Furthermore, in today’s largely non-unionised economy, spiralling prices may well impact the poorest in our society the most. After all, a wage negotiation is much easier to facilitate if you are a middle-class, white-collar worker than if you work on the floor of an Amazon factory.

So, real-terms pay cuts or high interest rates may be bad for the country, but high inflation would be even worse. The left cannot enter into a debate over whether to control inflation, because we would, and should, lose.

Given that we must take a hard-line on inflation, then, what can be done?

Firstly, the Bank of England must be allowed to do their job. Where monetary interventions, like the reduction in Quantitative Easing or the hiking of interest rates, are necessary, they must go ahead. This will put the Government in a tricky position since their finances will worsen and debt servicing will become more expensive. Labour must resist the urge to ignore this issue and must instead tackle it head-on, proposing common-sense taxes to stabilise the fiscal position – for example by levying a windfall, not just on energy companies, but on all sectors which experienced unusually high profits during the Pandemic, and by advocating meticulous care over the efficiency of public spending. It is still too soon for the Government to choke the economy of demand and we do not want a repeat of 2010, but we also can’t maintain the level of spending seen through the crisis as inflation climbs higher.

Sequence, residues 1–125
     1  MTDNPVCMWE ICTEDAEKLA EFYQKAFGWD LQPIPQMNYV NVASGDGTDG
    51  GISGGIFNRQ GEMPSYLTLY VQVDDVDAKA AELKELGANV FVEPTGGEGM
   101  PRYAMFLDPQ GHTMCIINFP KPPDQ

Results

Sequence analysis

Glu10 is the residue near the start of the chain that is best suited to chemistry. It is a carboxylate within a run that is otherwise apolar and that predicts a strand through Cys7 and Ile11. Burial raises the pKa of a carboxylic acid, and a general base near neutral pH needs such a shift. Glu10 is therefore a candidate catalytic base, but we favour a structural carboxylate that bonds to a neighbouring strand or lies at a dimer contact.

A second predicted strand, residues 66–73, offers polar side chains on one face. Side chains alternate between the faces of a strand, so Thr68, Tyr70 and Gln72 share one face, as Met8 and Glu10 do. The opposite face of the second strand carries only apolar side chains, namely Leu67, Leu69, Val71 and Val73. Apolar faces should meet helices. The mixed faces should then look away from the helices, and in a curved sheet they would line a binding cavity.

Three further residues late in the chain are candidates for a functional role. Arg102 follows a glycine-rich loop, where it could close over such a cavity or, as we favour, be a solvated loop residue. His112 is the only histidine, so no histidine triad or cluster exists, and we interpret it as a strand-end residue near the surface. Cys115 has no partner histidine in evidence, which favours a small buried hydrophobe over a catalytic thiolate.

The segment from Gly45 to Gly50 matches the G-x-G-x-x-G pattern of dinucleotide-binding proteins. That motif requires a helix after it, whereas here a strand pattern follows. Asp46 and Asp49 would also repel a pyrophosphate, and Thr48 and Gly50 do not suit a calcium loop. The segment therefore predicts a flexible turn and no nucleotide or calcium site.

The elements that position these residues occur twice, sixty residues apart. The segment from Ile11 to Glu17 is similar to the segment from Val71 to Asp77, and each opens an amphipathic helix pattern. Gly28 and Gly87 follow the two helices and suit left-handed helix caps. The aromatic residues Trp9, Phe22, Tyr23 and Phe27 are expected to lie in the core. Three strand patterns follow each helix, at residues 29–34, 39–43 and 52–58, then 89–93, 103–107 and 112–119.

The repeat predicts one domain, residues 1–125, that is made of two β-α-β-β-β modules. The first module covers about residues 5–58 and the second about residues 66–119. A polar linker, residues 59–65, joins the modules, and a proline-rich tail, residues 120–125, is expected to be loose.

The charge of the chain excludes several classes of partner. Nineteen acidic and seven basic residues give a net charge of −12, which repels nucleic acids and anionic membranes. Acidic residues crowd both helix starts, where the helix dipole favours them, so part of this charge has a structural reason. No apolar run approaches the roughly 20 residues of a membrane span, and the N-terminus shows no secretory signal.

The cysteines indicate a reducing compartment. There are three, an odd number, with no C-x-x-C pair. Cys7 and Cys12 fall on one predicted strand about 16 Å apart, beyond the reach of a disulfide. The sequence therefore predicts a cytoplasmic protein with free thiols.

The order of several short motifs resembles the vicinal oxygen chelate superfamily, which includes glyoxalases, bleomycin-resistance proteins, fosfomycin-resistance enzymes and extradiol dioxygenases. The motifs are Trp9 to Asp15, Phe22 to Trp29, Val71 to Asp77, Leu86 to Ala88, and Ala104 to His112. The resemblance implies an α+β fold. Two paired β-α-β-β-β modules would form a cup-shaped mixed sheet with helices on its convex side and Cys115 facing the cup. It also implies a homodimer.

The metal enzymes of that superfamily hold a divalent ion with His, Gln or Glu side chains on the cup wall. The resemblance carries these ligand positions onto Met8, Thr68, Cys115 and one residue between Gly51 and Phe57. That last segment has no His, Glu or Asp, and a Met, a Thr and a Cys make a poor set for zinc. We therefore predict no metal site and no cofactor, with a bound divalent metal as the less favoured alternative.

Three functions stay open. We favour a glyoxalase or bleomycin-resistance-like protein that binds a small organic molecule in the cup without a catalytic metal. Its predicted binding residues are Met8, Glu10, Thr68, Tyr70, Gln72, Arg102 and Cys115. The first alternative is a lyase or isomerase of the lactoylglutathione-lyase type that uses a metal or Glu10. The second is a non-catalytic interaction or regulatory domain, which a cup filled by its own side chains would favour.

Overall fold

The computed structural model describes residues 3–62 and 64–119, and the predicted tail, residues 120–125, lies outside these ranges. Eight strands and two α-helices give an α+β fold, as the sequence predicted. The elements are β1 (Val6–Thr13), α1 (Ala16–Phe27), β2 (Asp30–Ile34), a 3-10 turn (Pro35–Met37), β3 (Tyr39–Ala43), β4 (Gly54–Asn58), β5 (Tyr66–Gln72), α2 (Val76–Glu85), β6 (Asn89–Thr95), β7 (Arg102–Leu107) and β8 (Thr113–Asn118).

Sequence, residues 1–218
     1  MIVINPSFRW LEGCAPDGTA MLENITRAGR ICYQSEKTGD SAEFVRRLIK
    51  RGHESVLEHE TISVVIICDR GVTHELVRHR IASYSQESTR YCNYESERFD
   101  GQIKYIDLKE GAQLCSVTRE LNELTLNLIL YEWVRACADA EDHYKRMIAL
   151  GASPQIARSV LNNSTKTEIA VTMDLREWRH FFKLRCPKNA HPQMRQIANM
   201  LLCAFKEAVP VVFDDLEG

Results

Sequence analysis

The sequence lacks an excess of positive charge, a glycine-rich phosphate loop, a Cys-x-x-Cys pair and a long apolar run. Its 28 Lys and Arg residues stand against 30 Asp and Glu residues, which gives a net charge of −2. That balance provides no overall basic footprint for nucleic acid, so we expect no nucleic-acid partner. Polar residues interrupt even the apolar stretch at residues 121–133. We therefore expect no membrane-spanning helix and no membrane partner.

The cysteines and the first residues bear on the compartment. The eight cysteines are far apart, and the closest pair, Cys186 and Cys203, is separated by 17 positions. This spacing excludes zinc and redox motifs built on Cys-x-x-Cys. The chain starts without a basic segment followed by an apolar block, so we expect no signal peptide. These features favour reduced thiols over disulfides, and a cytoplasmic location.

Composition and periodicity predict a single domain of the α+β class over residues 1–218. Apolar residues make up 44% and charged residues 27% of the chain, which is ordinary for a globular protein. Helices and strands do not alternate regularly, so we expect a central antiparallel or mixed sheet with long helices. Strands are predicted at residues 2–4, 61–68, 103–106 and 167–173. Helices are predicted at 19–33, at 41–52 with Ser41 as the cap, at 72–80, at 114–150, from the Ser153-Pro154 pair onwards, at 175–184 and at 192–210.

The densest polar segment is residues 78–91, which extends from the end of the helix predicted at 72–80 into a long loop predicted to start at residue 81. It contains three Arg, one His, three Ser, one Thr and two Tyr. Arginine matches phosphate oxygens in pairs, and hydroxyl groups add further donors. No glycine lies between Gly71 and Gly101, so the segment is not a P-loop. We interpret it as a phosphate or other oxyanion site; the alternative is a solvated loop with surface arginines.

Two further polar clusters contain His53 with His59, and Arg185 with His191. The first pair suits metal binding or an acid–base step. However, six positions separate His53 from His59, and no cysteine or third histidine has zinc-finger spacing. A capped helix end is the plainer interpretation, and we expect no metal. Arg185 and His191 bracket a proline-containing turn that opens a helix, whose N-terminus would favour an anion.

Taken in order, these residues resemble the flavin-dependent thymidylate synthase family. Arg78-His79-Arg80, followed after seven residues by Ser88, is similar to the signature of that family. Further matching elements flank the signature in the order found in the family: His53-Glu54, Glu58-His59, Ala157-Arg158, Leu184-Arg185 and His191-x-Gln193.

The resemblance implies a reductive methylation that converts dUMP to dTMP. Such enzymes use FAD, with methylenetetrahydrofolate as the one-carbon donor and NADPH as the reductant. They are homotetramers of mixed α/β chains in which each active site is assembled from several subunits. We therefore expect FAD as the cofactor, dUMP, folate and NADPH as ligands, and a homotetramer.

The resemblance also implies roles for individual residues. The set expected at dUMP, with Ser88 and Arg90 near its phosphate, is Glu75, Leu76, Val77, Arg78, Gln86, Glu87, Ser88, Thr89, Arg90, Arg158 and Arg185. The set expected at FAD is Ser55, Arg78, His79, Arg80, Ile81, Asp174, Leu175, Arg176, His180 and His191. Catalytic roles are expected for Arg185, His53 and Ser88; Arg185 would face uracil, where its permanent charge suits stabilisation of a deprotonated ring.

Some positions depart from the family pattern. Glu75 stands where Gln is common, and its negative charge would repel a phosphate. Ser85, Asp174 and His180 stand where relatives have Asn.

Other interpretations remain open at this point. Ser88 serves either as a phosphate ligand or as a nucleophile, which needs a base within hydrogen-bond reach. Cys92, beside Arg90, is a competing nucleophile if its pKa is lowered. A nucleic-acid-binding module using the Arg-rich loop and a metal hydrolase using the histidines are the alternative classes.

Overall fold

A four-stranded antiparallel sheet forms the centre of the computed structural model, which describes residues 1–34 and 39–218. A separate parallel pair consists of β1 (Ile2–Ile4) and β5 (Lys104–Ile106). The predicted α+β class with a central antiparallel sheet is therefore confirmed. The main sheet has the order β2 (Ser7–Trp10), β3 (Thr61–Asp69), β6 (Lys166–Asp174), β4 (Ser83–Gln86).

Secondly, the Government must ease the distributional effects of anti-inflation policy. Hiking interest rates, for example, will hit the indebted particularly hard. Efforts must be made to redistribute money from those who will benefit from higher rates towards those who will most suffer. A sensible way to do this would be to equalise capital gains and income tax, so that as the returns to investment increase, workers can also benefit.

Finally, don’t forget about expectations. If the public, both as producers and consumers, believe that prices will go up, they will. It is the everyday decisions of employers and employees, firms and consumers, that translate into a rising price level. As a result, institutional players, crucially including the Labour Party, must be unequivocal in the fight against inflation. Markets can have no fear that, under Labour, Government policy might undermine our independent central bank. After all, the central bank independence and the crushing of inflation is one of Labour’s most important economic achievements. Let’s not throw it away.

Matt is the Vice-Chair of the Economy and Finance Network. He is a final-year Economics student, hoping to work in political or economic advice. He’s from Merseyside, Labour’s true heartland, and writes frequently on a range of economic and political issues.

His interests in Economics focus on microeconomic theory and Public Policy, and his politics are characterised by a near-pathological obsession with returning Labour to government. He tweets at @matthewoulton


Do you like this post?